One important feature of predictive parsers is that they do not require any backtracking. If you are willing to live with the inefficiencies associated with backtracking it is easy to extended a recursive descent parser to handle any CFG. Note that when you use backtracking the predictive adjective goes away you wind up with a nondeterministic system rather than a deterministic system (predictive and deterministic are very close in meaning in this case).
There are other CFG systems as well as LL(1). The so-called operator precedence and LR(k) CFGs are two examples. For more information about parsing and grammars consult a good text on formal language theory or compiler construction (see the bibliography).
16.1.8 Beyond Context Free Languages
Although most patterns you will probably want to process will be regular or context free there may be times when you need to recognize certain types of patterns that are beyond these two (e.g. context sensitive languages). As it turns out the finite state automata are the simplest machines; the pushdown automata (that recognize context free languages) are the next step up. After pushdown automata the next step up in power is the Turing machine. However Turing machines are equivalent in power to the 80x86 so matching patterns recognized by Turing machines is no different than writing a normal program.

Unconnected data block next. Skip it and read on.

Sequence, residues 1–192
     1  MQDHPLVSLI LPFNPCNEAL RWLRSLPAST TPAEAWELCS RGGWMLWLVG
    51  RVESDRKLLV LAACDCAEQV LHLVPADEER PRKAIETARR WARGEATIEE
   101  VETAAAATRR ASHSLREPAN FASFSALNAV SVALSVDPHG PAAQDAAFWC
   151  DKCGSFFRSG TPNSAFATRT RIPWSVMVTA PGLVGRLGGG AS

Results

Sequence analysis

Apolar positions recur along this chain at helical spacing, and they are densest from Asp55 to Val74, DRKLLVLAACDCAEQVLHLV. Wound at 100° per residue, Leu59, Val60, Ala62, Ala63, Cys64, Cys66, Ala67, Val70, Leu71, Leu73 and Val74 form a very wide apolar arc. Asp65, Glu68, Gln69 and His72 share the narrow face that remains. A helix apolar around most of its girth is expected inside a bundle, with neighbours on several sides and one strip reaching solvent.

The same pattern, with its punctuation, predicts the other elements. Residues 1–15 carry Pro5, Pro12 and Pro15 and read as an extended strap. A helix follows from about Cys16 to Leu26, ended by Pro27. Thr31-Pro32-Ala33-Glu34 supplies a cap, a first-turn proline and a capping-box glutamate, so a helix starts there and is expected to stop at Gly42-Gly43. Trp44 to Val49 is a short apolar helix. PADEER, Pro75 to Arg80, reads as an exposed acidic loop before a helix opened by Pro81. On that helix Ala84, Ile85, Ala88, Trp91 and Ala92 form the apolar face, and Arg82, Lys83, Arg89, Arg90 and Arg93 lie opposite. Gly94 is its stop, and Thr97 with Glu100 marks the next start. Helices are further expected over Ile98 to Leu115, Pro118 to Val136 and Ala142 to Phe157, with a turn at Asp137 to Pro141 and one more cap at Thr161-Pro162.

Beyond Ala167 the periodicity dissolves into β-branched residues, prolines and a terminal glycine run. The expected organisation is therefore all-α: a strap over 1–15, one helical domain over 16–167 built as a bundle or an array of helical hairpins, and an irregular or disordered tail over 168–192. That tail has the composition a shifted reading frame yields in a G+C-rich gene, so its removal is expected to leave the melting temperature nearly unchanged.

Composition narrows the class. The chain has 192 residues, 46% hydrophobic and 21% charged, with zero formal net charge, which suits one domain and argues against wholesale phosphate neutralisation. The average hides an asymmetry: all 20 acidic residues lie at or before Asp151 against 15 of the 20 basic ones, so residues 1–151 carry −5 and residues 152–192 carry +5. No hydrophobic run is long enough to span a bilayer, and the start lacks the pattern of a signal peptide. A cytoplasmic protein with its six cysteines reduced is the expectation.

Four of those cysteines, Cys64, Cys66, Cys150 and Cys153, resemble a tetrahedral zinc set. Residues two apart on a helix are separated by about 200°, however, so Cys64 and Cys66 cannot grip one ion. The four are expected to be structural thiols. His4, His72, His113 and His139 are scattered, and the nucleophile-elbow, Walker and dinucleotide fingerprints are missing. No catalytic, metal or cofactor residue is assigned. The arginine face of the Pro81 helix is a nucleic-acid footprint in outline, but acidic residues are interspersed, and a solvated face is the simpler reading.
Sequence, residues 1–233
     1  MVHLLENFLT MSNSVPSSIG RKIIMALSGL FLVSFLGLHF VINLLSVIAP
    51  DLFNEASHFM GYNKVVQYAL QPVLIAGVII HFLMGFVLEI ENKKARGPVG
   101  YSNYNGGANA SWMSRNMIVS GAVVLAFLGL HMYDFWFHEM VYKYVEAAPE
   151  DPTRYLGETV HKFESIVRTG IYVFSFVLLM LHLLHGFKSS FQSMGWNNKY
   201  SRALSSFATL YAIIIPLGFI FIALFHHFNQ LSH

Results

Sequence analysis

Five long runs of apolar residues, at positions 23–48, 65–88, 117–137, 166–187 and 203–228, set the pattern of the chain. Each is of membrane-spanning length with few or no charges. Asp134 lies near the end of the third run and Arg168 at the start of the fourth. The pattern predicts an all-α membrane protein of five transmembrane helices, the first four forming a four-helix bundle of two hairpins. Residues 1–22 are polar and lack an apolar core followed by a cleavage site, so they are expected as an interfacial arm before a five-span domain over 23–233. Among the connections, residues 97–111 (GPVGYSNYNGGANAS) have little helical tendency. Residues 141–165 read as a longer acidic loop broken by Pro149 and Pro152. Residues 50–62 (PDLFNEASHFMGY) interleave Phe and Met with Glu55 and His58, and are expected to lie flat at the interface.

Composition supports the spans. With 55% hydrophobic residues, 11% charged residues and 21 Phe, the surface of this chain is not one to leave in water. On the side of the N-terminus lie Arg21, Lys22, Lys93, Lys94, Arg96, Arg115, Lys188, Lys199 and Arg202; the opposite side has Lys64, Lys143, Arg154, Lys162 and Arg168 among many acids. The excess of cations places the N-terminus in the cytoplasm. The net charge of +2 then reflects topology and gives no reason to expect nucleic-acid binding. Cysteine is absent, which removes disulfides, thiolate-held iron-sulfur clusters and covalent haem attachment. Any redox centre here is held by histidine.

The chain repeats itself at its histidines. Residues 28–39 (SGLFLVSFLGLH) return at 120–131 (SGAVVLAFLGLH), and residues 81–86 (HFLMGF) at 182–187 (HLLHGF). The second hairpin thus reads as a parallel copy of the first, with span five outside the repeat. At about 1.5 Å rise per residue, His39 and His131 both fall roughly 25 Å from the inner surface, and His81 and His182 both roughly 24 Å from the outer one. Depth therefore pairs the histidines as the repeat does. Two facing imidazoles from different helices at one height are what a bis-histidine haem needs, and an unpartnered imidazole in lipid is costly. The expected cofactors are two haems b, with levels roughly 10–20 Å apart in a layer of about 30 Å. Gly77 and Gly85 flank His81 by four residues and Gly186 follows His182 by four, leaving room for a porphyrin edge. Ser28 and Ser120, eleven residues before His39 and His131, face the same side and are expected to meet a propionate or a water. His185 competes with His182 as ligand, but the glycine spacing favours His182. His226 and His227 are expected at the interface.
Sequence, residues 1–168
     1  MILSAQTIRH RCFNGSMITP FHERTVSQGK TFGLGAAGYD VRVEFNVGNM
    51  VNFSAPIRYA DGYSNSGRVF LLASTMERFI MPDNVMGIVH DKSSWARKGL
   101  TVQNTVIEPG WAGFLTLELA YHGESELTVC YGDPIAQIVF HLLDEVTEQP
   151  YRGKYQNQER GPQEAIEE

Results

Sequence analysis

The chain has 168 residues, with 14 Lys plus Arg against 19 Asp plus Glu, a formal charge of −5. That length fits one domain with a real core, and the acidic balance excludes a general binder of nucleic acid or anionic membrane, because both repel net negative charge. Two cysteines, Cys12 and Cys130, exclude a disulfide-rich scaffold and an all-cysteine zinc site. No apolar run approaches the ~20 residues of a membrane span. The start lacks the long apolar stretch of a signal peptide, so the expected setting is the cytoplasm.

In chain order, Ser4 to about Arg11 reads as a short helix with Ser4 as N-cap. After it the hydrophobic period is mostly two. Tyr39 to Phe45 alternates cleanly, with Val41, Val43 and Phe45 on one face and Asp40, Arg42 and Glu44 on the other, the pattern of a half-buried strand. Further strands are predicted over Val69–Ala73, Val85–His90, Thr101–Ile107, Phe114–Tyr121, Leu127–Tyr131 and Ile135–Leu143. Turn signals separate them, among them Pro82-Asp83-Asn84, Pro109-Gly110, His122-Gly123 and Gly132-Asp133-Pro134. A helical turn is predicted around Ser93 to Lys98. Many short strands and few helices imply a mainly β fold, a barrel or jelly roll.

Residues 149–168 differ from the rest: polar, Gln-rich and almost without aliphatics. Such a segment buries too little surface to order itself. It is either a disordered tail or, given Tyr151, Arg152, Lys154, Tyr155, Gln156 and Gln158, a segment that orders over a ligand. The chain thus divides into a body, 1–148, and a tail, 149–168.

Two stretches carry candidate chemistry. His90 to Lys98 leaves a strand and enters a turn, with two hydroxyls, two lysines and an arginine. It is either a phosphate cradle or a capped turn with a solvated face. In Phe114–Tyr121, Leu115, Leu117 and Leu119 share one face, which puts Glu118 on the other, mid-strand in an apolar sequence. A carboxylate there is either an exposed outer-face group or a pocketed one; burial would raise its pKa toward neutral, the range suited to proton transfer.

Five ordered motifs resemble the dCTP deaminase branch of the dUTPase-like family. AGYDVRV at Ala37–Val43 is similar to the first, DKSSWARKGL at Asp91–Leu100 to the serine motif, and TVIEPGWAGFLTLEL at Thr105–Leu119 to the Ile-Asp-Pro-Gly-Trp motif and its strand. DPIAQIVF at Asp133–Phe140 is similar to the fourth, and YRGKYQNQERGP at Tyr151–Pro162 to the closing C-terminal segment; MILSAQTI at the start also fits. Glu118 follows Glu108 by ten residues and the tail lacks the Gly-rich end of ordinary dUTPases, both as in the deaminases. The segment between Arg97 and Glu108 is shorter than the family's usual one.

The key to writing functions that recognize patterns that are not context free is to maintain information in variables and use the variables to decide which of several productions you want to use at any one given time. This technique introduces context sensitivity. Such techniques are very useful in artificial intelligence programs (like natural language processing) where ambiguity resolution depends on past knowledge or the current context of a pattern matching operation. However the uses for such types of pattern matching quickly go beyond the scope of a text on assembly language programming so we will let some other text continue this discussion.
Chapter Sixteen (Part 3) |
Table of Content | Chapter Sixteen (Part 5) |
Chapter Sixteen: Pattern Matching
(Part 4)
29 SEP 1996